Strontium Functionalization of Biomaterials for Bone Tissue Engineering Purposes: A Biological Point of View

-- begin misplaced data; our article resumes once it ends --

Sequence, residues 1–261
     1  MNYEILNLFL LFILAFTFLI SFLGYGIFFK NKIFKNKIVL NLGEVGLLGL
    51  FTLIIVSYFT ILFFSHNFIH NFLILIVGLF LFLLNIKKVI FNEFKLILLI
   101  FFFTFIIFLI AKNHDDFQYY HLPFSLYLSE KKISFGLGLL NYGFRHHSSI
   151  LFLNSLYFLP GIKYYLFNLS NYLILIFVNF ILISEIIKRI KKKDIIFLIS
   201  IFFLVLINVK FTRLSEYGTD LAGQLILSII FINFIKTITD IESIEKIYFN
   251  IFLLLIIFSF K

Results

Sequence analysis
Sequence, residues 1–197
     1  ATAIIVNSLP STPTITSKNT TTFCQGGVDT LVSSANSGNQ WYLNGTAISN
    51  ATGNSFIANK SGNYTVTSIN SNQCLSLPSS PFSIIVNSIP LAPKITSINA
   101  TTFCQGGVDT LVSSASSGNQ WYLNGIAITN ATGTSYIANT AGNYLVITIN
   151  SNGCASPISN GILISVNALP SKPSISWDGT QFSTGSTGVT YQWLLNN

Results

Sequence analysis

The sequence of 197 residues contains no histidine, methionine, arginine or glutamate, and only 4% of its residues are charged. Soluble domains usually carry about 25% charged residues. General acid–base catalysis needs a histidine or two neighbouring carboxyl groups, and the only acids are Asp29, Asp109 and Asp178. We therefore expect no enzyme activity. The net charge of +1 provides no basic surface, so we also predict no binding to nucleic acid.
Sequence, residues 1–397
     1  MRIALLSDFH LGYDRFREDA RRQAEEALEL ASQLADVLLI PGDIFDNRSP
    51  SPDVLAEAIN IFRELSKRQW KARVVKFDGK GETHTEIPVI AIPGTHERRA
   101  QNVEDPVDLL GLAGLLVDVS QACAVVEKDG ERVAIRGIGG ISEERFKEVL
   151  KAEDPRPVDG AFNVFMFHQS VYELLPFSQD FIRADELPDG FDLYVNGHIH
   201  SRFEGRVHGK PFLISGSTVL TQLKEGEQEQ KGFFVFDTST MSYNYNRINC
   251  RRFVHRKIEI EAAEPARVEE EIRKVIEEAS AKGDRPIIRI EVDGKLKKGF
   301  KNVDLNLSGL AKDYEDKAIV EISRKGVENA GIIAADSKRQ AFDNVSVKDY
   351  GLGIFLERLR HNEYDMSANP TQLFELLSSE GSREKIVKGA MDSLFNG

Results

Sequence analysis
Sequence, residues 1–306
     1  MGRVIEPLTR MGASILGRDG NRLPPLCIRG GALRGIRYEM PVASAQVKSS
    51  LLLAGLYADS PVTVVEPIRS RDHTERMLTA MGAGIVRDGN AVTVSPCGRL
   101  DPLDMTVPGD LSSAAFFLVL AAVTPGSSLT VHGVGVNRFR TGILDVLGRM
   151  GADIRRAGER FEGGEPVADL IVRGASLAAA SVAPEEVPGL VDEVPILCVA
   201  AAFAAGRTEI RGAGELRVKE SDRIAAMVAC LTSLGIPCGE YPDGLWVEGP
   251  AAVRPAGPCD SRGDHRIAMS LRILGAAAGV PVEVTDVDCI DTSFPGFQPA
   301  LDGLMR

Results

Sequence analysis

Strontium (Sr) is a trace element taken with nutrition and found in bone in close connection to native hydroxyapatite. Sr is involved in a dual mechanism of coupling the stimulation of bone formation with the inhibition of bone resorption, as reported in the literature. Interest in studying Sr has increased in the last decades due to the development of strontium ranelate (SrRan), an orally active agent acting as an anti-osteoporosis drug. However, the use of SrRan was subjected to some limitations starting from 2014 due to its negative side effects on the cardiac safety of patients. In this scenario, an interesting perspective for the administration of Sr is the introduction of Sr ions in biomaterials for bone tissue engineering (BTE) applications. This strategy has attracted attention thanks to its positive effects on bone formation, alongside the reduction of osteoclast activity, proven by in vitro and in vivo studies. The purpose of this review is to go through the classes of biomaterials most commonly used in BTE and functionalized with Sr, i.e., calcium phosphate ceramics, bioactive glasses, metal-based materials, and polymers. The works discussed in this review were selected as representative for each type of the above-mentioned categories, and the biological evaluation in vitro and/or in vivo was the main criterion for selection. The encouraging results collected from the in vitro and in vivo biological evaluations are outlined to highlight the potential applications of materials&rsquo; functionalization with Sr as an osteopromoting dopant in BTE.